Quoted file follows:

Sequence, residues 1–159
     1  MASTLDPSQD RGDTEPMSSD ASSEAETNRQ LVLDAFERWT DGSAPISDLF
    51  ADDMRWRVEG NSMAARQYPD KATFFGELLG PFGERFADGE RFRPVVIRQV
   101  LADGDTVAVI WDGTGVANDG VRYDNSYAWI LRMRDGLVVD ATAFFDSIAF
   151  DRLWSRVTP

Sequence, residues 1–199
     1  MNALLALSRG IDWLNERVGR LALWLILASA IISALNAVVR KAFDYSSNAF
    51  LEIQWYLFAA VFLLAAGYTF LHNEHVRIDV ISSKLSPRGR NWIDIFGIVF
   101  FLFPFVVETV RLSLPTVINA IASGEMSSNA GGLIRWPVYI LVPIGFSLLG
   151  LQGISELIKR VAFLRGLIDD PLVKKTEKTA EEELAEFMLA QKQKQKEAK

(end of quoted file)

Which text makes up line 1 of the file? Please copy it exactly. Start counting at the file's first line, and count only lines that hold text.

Sequence, residues 1–159